Lady Mary Wortley Montagu


The Fifth Ode Of The First Book Of Horace Imitated - Poem by Lady Mary Wortley Montagu

Quis multa gracilis te puer in rosa.


For whom are now your airs put on,
And what new beauty's doom'd to be undone?
That careless elegance of dress,
This essence that perfumes the wind,
Your ev'ry motion does confess
Some secret conquest is design'd.
Alas! the poor unhappy maid,
To what a train of ills betray'd!
What fears, what pangs shall rend her breast,
How will her eyes dissolve in tears!
That now with glowing joy is bless'd,
Charm'd with the faithless vows she hears.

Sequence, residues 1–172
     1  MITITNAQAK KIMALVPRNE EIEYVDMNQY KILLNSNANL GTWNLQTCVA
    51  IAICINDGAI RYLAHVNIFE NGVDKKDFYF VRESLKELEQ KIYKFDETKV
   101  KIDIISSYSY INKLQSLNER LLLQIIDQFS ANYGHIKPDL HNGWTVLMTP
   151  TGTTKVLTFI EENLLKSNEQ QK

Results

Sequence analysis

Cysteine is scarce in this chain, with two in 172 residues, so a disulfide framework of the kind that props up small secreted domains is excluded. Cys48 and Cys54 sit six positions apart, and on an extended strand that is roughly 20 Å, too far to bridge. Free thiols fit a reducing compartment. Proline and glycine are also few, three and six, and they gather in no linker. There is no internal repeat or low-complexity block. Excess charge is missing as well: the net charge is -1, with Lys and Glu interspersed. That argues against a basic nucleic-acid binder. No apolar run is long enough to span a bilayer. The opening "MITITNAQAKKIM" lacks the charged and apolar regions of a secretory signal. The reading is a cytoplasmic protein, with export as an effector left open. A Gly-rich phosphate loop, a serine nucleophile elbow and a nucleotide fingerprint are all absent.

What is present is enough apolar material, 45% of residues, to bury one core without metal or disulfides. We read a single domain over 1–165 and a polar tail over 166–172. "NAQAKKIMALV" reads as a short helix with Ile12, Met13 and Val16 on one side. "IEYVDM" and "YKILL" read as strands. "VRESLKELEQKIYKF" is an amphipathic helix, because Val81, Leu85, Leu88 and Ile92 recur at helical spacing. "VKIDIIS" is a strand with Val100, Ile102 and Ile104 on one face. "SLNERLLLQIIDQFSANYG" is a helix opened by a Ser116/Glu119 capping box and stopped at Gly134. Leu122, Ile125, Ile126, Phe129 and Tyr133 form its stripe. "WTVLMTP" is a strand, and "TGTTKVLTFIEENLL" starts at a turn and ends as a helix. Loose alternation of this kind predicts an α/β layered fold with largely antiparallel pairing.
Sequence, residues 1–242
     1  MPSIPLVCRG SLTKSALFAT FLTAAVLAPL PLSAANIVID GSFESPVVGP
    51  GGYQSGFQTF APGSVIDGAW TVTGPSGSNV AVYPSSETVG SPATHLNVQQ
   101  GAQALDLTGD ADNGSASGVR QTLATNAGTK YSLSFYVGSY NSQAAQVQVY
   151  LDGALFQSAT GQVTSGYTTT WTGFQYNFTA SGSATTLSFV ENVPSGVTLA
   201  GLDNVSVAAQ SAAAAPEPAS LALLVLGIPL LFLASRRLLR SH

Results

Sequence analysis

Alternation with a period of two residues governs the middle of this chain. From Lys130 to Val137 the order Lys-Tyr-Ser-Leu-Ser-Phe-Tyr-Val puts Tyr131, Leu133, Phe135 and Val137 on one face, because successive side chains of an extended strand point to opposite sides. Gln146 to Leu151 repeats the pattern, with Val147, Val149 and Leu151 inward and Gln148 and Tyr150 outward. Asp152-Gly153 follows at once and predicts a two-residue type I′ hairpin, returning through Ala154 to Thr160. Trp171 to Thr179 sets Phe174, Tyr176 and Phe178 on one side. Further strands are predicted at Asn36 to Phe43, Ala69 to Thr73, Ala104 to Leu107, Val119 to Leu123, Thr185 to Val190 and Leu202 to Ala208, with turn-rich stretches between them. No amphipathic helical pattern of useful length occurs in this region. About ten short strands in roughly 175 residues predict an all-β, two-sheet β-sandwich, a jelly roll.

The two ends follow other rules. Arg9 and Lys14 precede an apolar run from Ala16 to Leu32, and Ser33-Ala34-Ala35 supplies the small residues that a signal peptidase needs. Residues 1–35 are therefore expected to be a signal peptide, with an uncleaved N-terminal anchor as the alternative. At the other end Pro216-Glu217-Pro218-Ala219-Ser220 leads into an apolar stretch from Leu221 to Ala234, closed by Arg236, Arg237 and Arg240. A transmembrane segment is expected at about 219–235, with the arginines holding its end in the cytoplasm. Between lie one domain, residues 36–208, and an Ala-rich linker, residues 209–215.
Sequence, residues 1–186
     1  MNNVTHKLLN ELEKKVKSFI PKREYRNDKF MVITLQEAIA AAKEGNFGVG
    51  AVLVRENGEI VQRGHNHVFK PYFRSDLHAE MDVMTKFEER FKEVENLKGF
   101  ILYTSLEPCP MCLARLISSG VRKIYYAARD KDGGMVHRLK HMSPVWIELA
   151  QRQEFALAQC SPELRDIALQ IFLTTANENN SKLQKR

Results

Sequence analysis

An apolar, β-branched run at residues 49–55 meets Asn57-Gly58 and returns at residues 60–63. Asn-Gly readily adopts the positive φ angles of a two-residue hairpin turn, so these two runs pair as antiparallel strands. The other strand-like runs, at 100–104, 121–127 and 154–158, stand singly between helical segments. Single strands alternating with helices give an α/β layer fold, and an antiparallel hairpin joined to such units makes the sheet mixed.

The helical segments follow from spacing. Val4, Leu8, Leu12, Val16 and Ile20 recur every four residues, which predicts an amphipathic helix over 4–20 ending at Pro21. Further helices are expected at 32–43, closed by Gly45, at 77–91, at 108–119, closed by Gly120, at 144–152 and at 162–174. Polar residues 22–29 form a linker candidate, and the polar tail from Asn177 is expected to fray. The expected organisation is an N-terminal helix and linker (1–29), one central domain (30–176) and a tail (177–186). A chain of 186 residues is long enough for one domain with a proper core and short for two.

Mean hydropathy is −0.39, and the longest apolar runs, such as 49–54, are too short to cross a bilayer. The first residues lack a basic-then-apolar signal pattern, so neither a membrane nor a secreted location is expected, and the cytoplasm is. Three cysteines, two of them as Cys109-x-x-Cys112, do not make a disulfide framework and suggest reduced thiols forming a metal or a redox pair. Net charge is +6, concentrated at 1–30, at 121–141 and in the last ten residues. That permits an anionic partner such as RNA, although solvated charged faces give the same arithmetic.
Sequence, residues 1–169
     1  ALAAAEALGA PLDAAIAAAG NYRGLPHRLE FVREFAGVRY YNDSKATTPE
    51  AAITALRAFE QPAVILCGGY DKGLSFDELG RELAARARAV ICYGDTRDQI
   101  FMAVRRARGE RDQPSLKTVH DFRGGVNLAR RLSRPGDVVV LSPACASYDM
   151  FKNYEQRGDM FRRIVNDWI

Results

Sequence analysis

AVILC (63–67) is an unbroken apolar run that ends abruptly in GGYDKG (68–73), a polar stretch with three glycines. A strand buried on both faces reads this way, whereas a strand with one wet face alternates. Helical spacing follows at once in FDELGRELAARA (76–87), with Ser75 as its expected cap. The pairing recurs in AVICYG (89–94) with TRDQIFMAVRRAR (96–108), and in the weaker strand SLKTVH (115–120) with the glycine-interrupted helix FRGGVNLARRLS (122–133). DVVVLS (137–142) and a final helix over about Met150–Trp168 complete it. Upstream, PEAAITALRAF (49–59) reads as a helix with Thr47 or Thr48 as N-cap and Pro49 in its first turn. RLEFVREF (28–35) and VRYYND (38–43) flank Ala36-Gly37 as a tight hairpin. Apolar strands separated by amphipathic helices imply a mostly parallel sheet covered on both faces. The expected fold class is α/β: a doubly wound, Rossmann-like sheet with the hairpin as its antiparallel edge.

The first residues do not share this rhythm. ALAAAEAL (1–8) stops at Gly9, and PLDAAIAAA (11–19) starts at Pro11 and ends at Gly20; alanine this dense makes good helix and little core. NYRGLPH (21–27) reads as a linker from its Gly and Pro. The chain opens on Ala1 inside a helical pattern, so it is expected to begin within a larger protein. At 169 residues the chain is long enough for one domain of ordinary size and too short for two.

So the young sailor on the summer sea
Gaily pursues his destin'd way:
Fearless and careless on the deck he stands,
Till sudden storms arise and thunders roll;
In vain he casts his eyes to distant lands,
Distracting terror tears his timorous soul.
For me, secure I view the raging main,
Past are my dangers, and forgot my pain:
My votive tablet in the temple shows
The monument of folly past;
I paid the bounteous god my grateful vows,
Who snatch'd from ruin, sav'd me at the last.


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Read poems about / on: summer, beauty, joy, pain, wind, sea, ode, god, fear



Poem Submitted: Friday, January 3, 2003



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